Get Vaccinated and Prevent Measles
Since measles is still common in many countries, unvaccinated travelers bring measles to the U.S. and it can spread. Protect yourself, your family, and your community with the measles-mumps-rubella (MMR) vaccine, especially before traveling internationally
The Shot Nurse provides all the immunization you need when traveling outside the United States. Whether it's for business, pleasure or mission outreach opportunities, The Shot Nurse has the protection you need with a personal touch! We have convenient walk-in services at three convenient mid-south locations with no waiting and front door parking.
For groups, The nurse can come to you! A registered nurse can visit your church, school, or place of business to provide your group with the necessary vaccinations to insure your continued good health while traveling. There is no additional fee for this mobile service; we only require a minimum of 10 shots for your on-site appointment. Vitamin B-12 shots can count toward that minimum.
Complimentary Malaria Medication Prescription
Along with your travel vaccines, The Shot Nurse provides a complimentary Malaria medication prescription to be filled at your pharmacy. The cost of the medication varies by the prescription. The nurse will help you review the information about which medication is needed in your particular area of travel. Visit CDC recommended Malaria Drugs for more information on Malaria prevention. If not receiving vaccines, cost to review recommendations and prescription only is $15.
How to determine which vaccinations are needed for your trip.
To determine which immunizations are needed for your trip, simply visit the Centers for Disease Control Web site at www.cdc.gov/travel and enter your destination. You will be informed as to which vaccines are required for entry into that country and which vaccines are recommended to protect you against many serious and often deadly diseases. Our travel vaccination specialist will go over this information with you during your visit to help ensure you get all the vaccinations needed for your trip.
The vaccinations listed on the opposite side of the page are common travel vaccines depending upon your place of travel. Current prices are listed on our Services Page.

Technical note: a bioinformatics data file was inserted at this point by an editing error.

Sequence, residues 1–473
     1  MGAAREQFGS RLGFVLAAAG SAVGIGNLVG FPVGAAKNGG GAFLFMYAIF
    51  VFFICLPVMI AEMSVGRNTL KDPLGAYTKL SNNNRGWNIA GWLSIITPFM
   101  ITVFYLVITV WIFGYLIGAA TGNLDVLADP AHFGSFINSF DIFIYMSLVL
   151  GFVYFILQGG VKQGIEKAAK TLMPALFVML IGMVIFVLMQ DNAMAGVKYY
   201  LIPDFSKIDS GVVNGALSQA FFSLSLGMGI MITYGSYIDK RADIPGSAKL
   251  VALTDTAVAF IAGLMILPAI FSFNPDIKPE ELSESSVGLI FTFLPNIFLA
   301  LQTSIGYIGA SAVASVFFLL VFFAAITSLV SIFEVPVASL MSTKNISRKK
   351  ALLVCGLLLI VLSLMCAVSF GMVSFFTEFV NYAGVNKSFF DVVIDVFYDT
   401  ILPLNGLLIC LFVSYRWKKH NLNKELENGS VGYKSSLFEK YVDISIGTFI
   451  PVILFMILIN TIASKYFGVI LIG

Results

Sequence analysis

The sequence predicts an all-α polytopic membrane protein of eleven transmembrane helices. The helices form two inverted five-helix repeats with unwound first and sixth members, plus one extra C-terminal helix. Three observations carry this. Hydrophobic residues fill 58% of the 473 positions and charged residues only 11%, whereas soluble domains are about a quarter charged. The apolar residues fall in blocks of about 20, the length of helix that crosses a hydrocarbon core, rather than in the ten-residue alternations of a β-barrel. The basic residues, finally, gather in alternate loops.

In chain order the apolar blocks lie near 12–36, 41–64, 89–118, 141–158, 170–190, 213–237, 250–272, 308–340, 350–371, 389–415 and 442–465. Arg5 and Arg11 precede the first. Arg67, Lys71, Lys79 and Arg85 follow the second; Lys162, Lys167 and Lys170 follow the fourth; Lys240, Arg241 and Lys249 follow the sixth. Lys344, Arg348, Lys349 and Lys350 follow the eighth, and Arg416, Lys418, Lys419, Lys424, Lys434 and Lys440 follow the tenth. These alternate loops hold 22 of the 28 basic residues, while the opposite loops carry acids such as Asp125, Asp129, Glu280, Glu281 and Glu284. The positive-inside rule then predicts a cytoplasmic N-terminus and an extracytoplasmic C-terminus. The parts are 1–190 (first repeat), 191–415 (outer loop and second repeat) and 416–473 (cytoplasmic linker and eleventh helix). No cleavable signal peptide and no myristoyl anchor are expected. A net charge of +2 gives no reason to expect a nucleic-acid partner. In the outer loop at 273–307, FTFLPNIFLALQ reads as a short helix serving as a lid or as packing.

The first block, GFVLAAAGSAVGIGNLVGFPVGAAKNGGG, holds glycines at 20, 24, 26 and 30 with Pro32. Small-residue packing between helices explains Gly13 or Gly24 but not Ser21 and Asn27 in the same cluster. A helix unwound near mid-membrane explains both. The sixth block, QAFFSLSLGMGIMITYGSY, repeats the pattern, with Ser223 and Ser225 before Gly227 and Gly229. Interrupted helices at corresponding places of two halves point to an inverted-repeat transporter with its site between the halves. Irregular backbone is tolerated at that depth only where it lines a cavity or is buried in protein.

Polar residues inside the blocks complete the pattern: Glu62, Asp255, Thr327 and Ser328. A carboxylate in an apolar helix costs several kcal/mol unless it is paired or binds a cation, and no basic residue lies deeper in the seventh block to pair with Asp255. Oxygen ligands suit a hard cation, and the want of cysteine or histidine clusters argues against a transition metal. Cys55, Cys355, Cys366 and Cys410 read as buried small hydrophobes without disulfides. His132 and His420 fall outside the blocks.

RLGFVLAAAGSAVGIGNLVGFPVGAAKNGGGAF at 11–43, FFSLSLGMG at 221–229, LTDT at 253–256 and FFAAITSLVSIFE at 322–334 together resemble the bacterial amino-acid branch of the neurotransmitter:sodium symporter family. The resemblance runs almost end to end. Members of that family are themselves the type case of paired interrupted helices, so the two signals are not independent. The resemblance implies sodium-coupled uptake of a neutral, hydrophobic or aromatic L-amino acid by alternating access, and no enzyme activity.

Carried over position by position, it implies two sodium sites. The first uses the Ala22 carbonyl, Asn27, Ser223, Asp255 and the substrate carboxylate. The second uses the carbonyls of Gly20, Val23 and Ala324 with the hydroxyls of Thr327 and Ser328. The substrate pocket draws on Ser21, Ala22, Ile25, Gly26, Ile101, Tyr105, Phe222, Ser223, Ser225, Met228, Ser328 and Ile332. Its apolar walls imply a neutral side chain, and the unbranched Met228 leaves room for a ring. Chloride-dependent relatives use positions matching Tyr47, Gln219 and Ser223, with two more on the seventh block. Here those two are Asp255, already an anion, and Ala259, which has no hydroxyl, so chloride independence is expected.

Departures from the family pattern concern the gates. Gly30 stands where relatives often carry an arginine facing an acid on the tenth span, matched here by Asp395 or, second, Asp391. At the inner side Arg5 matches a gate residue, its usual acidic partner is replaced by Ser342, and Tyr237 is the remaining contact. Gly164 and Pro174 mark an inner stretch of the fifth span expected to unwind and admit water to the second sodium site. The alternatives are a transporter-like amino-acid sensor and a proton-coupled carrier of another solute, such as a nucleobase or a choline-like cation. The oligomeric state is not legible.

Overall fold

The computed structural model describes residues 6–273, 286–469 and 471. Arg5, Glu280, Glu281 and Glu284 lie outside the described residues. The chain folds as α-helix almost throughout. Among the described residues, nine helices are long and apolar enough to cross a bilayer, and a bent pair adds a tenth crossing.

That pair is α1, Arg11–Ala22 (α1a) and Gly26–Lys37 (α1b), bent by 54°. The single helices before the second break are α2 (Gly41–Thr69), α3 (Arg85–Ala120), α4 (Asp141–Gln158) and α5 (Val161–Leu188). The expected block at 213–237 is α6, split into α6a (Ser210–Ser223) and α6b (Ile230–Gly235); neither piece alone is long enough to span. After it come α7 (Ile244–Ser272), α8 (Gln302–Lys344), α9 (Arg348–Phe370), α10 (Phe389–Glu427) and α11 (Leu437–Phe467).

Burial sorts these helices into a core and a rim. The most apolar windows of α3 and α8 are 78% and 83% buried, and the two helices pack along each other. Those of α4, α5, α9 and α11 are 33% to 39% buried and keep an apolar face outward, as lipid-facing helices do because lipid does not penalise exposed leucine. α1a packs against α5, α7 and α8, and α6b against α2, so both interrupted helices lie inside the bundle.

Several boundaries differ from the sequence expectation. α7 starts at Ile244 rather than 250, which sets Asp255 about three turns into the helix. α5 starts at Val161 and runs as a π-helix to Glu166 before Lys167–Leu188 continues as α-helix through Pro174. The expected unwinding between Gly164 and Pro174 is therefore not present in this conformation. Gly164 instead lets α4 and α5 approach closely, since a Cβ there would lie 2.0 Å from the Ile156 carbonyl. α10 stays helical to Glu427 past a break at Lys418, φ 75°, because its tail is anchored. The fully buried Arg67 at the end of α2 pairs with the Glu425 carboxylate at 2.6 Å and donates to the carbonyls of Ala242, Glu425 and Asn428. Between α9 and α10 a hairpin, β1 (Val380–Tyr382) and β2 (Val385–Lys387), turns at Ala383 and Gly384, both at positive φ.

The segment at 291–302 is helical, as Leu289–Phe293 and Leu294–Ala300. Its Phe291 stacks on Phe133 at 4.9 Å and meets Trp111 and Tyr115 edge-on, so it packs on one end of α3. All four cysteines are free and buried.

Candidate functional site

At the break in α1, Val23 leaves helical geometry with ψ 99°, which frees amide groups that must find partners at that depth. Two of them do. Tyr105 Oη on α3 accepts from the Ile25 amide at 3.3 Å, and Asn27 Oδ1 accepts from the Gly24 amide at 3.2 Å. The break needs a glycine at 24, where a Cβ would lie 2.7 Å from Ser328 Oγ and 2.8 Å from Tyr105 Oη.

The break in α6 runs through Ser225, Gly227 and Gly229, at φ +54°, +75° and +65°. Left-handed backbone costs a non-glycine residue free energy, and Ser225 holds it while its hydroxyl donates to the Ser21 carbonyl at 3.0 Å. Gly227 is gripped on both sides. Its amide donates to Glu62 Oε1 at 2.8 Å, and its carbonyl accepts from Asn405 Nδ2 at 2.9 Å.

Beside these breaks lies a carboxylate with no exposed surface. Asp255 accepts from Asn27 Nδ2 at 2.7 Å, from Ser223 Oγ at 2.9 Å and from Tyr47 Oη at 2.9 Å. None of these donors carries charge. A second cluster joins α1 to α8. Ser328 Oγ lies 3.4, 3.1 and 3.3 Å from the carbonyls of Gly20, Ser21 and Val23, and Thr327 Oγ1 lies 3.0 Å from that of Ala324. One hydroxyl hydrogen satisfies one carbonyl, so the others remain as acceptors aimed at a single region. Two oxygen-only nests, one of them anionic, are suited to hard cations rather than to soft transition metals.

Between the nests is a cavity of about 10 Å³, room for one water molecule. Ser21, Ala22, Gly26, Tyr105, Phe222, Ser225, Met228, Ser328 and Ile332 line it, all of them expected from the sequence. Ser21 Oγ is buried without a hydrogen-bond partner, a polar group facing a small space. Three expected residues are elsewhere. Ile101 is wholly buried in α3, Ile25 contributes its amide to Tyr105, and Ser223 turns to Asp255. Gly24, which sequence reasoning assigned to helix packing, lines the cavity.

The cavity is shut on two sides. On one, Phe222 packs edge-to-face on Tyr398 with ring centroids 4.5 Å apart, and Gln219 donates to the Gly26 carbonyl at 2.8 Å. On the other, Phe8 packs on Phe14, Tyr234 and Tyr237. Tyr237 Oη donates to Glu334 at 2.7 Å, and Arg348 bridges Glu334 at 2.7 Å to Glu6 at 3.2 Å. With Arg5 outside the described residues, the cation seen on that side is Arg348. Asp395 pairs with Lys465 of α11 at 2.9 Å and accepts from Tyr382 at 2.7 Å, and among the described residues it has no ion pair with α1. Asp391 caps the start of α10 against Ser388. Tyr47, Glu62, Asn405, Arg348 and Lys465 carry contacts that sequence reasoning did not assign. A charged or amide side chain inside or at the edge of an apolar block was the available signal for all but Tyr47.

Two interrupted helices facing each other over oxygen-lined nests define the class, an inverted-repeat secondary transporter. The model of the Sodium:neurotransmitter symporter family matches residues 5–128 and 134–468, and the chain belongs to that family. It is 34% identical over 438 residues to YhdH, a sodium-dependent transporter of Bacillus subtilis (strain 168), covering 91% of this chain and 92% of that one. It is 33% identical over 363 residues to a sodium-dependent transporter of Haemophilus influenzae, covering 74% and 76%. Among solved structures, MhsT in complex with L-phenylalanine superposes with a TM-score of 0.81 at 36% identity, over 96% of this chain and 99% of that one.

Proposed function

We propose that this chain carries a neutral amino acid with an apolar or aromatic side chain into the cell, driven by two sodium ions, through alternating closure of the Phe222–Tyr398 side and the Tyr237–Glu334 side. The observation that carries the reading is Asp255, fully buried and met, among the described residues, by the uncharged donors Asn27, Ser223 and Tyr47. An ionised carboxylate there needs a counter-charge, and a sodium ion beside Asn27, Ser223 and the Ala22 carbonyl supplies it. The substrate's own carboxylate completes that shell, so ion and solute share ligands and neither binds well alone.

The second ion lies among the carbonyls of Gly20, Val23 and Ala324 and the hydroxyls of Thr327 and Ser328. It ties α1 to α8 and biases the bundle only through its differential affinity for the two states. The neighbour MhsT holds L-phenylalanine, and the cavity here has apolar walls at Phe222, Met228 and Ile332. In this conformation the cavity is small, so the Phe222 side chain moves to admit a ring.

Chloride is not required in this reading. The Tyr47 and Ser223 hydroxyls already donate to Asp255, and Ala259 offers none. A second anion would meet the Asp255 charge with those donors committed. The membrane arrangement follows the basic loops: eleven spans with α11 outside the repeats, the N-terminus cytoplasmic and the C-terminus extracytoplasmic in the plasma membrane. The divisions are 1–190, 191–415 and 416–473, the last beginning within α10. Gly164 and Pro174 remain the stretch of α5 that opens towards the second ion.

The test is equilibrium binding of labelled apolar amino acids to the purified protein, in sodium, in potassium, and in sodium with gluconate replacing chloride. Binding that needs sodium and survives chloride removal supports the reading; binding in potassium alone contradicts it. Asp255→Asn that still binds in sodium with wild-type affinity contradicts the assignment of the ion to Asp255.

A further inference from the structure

You can walk-in with no appointment necessary to one of our convenient offices to receive your vaccinations!
Click here for hours and directions to one of our Mid-South locations. Or, contact our office to schedule an on-site group appointment for 10 or more.
Many countries around the world have infectious diseases that the United States does not. With the proper vaccinations you can prepare your body to defend itself if it comes in contact with one of these diseases.
When to Vaccinate
Make sure you get the vaccinations at least one month before your departure date.
You should also note that some vaccines are given over a period of time. You may have to return a few times before you are cleared for travel.
It is important that those traveling out of the United States are current on regular vaccinations. You can receive the necessary boosters at the same time you receive the extra vaccines needed for your trip. EVERYONE traveling needs a seasonal flu shot.
There are countries in two continents that require vaccination for Yellow Fever before entering. They are South America, and Africa. Yellow Fever is transmitted through mosquitoes and it is a very serious viral disease. Infected individuals begin to get sick about five days after they have been bitten. They will get headaches, nausea, vomiting, diarrhea, bleeding through the skin, fever, and then bleeding internally as the organs are affected. If you plan to visit South America and Africa, you will need to get the Yellow Fever Vaccine.